Facebook Twitter ShareAddThis
Tuscan Extra-Virgin Olive Oil: it's a matter of Geographical Indication

Tuscan Extra-Virgin Olive Oil: it's a matter of Geographical Indication

Extra-virgin olive oil is able to transform the fate of a simple salad. That's why there is a 'Consortium' to protect precious Tuscan olive varieties

By on

 “Perfect balance and equilibrium is what characterizes our oil. Along with artichoke, cardoons or almonds. Bitter, spicy and well-accentuated, but always harmonious. Like the character of Tuscans themselves.” This is a statement of pride on the part of Christian Sbardella, head of marketing for the Consortium of Tuscan Oil PGI (Protected Geographical Indication). By now, even the most casual of domestic cooks have understood that extra-virgin olive oil is not merely a condiment, but a real ingredient in and of itself – one that is able to transform the fate of a simple salad or a plain filet of fish.

If there is one product that should be protected in the world it’s this one – but extra-virgin olive oil is one of the most counterfeited products on the global market. But the PGI is a guarantee of quality, overseeing 40,000 tons of olive oil per year, and Tuscans making up 70% of their producers. Among these, on the hillsides surrounding Arezzo and just half a kilometer from the sea, is Giancarlo Giannini, who, at 63 years old, has a family business of oil production carrying the label Vipiano.

“In the ‘80s I had to decide whether I wanted to continue in the family tradition of also growing grapes, wheat and corn – as many Tuscan producers do – or else dedicate the business exclusively to oil. I took the more courageous route, and decided to focus just on oil. I’m proud of this choice. Also because, years later, a friend of mine was researching the oldest families of Vitiano, and discovered that there was an estate with an olive grove called Giannino in the 13th Century. So I clearly have oil in my blood.” “

Tuscany has much more olive variety than in other oil producing regions in Italy. In Liguria, for example, there’s the Taggiasca variety, whose taste is very recognizable. But there are hundreds of variants here – Leccino, Frantoio, Moraiolo, Pendolino and Maurino – which makes it hard to define a specific Tuscan taste. I know everything about my eight thousand trees and I take care of them like they were my grandchildren. Our factory is one of the oldest in the whole region,” says Giancarlo who is not only the owner of the company, but also a professional taster. To really get him talking, one must take him back in time. “It used to be that oil wasn’t something you’d sell in Tuscany. Every family made what it needed each year, using their own land. We also used oil for light. And the trees were just splendid. Since families only had about 8 hectares, they’d plant grain in between the olive trees and then cut it by hand. When tractors came, this tradition disappeared.” Has the way of producing oil changed as well? “We mustn’t idealize the past,” Giancarlo believes. “People think that what we eat used to be better, but that’s not true.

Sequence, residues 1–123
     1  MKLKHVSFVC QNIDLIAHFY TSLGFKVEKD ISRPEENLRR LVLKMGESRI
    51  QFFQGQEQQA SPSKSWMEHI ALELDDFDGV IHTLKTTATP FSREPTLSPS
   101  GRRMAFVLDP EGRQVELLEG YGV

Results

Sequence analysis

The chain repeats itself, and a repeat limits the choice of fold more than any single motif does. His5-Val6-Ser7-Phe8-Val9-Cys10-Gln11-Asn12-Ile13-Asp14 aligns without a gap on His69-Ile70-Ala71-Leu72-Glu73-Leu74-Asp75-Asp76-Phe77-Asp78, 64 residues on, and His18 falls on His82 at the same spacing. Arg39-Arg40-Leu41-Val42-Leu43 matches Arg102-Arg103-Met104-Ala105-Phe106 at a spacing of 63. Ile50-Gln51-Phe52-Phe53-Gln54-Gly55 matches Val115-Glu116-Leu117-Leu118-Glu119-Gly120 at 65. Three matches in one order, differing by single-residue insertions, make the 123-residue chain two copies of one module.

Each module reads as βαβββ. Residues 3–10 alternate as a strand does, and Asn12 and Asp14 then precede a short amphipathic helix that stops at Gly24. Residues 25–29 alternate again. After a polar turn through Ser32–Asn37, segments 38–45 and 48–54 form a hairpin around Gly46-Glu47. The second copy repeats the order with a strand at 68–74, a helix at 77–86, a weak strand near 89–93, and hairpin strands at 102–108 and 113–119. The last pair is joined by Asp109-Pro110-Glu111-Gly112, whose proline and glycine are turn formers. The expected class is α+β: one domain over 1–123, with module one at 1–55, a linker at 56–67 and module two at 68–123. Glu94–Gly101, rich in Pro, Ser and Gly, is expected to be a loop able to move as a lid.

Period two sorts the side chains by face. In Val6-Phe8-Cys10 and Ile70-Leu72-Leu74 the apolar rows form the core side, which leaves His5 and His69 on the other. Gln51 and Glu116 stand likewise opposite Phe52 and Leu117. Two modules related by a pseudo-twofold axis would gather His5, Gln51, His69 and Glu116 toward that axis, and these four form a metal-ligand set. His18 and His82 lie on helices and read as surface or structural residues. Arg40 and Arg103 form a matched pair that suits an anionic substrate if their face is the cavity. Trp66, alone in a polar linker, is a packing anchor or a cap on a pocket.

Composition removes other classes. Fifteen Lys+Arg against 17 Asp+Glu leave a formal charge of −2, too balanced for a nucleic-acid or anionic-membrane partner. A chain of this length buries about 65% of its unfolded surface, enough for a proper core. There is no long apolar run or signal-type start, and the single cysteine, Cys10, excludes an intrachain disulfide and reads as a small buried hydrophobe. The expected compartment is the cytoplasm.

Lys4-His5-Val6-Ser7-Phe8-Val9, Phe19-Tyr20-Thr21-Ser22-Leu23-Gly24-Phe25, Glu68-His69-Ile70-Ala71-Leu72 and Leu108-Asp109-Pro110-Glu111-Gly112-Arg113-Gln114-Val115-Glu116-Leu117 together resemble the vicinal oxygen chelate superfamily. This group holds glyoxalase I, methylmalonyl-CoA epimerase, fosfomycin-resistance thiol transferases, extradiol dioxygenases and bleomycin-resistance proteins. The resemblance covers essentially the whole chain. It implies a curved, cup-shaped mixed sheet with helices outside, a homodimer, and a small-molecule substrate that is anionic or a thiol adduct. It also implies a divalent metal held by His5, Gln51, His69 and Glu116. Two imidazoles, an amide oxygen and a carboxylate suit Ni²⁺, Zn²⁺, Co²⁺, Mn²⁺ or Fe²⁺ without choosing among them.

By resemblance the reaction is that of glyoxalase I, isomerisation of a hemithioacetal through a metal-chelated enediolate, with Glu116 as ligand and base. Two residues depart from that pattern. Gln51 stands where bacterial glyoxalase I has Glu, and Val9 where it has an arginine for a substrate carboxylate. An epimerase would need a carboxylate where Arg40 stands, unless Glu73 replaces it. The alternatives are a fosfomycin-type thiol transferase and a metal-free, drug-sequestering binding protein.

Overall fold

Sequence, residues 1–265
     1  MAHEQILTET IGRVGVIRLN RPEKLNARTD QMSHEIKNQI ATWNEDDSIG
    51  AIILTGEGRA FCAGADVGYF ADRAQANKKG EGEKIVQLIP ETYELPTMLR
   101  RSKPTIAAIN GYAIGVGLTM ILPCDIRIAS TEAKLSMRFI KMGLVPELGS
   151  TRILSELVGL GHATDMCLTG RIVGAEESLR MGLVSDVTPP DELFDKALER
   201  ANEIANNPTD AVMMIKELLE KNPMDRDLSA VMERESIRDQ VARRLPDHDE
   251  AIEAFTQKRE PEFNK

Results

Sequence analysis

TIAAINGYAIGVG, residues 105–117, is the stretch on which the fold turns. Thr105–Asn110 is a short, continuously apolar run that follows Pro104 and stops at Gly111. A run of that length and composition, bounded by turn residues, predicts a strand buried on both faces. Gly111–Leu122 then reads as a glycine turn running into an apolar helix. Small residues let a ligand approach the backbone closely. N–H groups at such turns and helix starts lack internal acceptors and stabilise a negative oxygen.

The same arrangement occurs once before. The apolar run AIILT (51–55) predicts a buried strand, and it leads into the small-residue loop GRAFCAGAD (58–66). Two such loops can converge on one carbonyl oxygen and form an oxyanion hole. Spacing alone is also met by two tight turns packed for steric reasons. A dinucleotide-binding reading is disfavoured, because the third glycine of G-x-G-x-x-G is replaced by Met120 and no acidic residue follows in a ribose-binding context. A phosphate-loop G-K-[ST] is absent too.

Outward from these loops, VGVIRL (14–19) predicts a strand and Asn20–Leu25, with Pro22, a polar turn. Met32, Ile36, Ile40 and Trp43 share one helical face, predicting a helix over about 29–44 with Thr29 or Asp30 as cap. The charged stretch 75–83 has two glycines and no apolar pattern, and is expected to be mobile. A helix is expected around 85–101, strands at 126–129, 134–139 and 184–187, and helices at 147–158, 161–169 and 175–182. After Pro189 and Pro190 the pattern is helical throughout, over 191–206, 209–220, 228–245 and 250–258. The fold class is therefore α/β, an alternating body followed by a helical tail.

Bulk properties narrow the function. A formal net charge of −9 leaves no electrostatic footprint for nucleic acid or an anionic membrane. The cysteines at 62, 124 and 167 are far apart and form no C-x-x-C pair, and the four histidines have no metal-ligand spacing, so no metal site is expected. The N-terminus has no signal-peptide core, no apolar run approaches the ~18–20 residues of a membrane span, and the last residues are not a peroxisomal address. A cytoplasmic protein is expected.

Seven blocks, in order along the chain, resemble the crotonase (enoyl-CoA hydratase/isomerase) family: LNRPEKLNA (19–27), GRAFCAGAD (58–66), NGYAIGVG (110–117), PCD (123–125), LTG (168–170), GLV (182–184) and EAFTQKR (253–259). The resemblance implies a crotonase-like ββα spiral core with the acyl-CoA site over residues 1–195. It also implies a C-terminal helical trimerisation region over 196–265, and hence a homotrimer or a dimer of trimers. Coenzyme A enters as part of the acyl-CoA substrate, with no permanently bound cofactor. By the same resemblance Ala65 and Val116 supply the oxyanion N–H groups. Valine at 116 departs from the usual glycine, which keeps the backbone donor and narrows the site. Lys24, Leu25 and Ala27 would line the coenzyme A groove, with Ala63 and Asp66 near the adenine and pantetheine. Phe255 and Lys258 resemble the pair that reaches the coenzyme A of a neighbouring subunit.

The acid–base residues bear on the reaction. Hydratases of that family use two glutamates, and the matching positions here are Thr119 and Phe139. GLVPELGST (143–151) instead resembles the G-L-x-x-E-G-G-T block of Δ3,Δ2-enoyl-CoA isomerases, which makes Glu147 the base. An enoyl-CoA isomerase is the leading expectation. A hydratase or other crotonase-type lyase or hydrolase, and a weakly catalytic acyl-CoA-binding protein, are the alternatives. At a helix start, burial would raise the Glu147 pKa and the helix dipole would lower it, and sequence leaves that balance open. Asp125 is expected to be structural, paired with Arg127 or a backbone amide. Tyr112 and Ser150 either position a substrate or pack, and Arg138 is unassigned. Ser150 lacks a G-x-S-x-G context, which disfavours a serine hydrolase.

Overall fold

Good quality oil depends on how much time passes between when the olives are picked – better if done by hand – and when they are pressed. That’s the whole secret. If more than 24 hours go by and if the olives are kept in a damp place, then there’s going to be a moldy flavor. The quicker you press them, the better.” And if someone wants a great oil like his, where can they find it? “We give our oil to the Consortum, and then they put the mark on it. We also ship all over the world. But the best way to find our oil is to come visit us directly, at least for the first time. You can walk among the olive groves, ask us questions and taste the oil. A good olive oil and a firm handshake is a great pairing.”

Register or login to Leave a Comment.